If you include in your business plan (Plan S) that your business must be able to operate without you and that you can be replaced, it provides a clearer picture of true business cost. Otherwise, your business owns you and not the other way around and your goal of not working for someone else, well, that is negated because you’ve created a job for yourself (it just happens to be in your business). In the situation above, the wife’s time was also involved but not considered in the true cost of running the business. Take yourself out of the equation (or account for your own salary) and then see if the business is still profitable.
Key overlooked revenue-generating ideas
- Increase margins (negotiate for lower wholesale pricing, find new suppliers and/or increase markup)
- Sell lower to gain market share but ensuring that you have a backend product to market afterwards.
- Charge for add-on's such as rush ordering, overnight/expedited shipping/delivery
- Value-added services such as embroidery/personalization/engraving fees on top of what is free (for example, if initials are free, then add $2.00 for full names, which take more time, hence an increase in perceived value)
- Gift wrapping charge
- Providing insurance coverage and monetize your website traffic.
Offering the above services will not only bring in more cash, they provide additional service options for better customer service.
Okay, so its good that you’re watching your cash flow and let’s say you’re flush with money in the bank. Don’t start feeling rich and go on a spending spree. Discipline is the key. Keep a tight rein on your spending. Nothing disappears faster than money besides water down the drain. It’s easy to get caught up in the “feeling” of success rather than true success, so be careful and stick to your budget. I’m just saying … from experience.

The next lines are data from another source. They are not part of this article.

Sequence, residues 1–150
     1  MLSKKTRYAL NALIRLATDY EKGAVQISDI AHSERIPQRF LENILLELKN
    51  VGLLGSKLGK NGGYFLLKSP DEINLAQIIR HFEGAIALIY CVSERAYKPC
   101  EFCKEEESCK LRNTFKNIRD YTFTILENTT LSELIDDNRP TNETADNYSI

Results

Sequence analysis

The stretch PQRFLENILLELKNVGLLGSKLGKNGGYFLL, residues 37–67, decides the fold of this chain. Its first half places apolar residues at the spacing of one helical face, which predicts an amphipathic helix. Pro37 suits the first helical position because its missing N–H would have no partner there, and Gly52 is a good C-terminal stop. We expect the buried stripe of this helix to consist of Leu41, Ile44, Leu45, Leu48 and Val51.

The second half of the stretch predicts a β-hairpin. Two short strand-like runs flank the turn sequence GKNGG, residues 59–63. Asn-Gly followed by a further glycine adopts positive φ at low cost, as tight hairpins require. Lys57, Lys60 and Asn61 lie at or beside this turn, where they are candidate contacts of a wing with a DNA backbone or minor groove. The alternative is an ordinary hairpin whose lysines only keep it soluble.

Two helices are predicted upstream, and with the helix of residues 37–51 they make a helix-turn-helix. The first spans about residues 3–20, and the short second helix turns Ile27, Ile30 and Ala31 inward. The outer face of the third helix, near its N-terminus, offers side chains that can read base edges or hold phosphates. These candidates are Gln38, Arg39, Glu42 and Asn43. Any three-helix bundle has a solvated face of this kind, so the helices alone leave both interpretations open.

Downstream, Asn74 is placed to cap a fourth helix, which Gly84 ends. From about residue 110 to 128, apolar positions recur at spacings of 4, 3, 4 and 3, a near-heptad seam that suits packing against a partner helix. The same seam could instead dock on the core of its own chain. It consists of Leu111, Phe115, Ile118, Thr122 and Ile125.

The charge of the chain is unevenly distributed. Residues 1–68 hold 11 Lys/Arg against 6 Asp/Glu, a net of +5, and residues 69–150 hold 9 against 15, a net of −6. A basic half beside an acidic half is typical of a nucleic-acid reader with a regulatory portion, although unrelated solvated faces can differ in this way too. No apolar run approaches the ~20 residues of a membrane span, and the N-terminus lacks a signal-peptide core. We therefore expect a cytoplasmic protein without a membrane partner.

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I agree that it's important for business owners to put a lot of thought into their finances. Often, going to the next level of growth and profitability requires a careful understanding of numbers and how they drive the business. Indeed, flying "blind" is often at the root of a business' unraveling. Who was it who said that most businesses die of self-inflicted wounds?
Carlos Rivera says:
Awesome article. I've been thinking along these same lines as my business is evolving. Great to hear some solid advice. Thanks, Shirley!